The US Air Force wants to assess sources that can provide spare parts for Taiwan’s fleet of Northrop F-5E fighters.
The Proven Aircraft Office of the Air Force Materiel Command has issued a list of 37 separate F-5 parts required, ranging from windshield panels and fuel tanks to air data computers.
Cirium’s Fleets Analyzer shows that the Republic of China Air Force (ROCAF) has 56 in-service F-5s, all produced locally by AIDC. These comprise 20 single-seat F-5Es, 31 two-seat F-5Fs, and five RF-5E reconnaissance jets. The average age of the fleet is 36.8 years.
In addition, Taiwan has 142 examples – 123 F-5Es and 19 F-5Fs – listed as stored.
A local media report last year suggested that Taipei was looking for a way to use the General Electric J85 engines from retired F-5s in a cruise missile. Such a weapon would be useful in a conflict with China, which views Taiwan as a breakaway province.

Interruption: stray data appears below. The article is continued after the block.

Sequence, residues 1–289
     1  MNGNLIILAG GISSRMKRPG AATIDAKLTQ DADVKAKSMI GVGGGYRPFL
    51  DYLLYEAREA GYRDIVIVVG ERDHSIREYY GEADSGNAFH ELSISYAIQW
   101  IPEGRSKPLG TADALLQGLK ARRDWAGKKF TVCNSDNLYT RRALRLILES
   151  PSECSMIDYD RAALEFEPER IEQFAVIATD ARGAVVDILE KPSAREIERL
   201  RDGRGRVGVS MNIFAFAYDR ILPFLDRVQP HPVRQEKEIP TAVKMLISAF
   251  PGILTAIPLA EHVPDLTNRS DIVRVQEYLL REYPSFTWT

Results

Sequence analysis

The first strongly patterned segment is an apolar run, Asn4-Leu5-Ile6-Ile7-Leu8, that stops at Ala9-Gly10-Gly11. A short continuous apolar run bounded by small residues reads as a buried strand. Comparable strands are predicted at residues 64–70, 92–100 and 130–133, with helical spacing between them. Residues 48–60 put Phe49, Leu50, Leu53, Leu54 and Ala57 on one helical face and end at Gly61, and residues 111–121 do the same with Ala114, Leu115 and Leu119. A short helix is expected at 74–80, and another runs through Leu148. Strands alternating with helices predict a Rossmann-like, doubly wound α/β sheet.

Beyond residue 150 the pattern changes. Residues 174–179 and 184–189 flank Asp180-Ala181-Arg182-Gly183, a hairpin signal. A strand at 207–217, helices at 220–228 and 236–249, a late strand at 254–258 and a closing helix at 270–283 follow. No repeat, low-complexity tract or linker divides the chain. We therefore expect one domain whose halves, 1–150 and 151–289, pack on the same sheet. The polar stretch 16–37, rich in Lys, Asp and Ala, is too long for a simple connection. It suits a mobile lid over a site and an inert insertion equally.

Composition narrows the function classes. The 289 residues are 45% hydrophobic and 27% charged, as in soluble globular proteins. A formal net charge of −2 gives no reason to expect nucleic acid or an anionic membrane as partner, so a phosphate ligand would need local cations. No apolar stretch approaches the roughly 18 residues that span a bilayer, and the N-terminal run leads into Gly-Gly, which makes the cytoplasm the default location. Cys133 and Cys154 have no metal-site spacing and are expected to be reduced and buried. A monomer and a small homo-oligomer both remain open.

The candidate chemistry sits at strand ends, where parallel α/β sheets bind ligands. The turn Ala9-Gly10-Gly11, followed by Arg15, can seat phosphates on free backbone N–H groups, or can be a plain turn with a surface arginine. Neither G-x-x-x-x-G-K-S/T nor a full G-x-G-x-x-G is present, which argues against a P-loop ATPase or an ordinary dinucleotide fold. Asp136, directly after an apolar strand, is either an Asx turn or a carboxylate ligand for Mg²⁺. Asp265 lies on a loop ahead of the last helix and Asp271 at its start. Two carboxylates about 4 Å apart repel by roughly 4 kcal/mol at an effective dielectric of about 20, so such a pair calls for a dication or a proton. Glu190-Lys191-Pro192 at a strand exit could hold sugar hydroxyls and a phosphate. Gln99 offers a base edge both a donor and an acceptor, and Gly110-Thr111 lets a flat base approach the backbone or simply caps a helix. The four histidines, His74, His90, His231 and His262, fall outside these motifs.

Taipei is eager to modernise its ageing air force out of concern for Beijing’s growing military might, which includes new fighter types such as the Chengdu J-20, as well as continued modernisation of existing types such as the J-10 and Shenyang J-11.
Taipei is in the process of upgrading 113 Lockheed Martin F-16 A/Bs to the F-16V standard, and is hopeful of obtaining new-build F-16Vs from the USA.
Globally, there are 498 F-5s still in service, including Taiwan’s fleet. Other major operators of the Cold War type include South Korea (133), the USA (55), Brazil (47), Switzerland (36), and Thailand (34).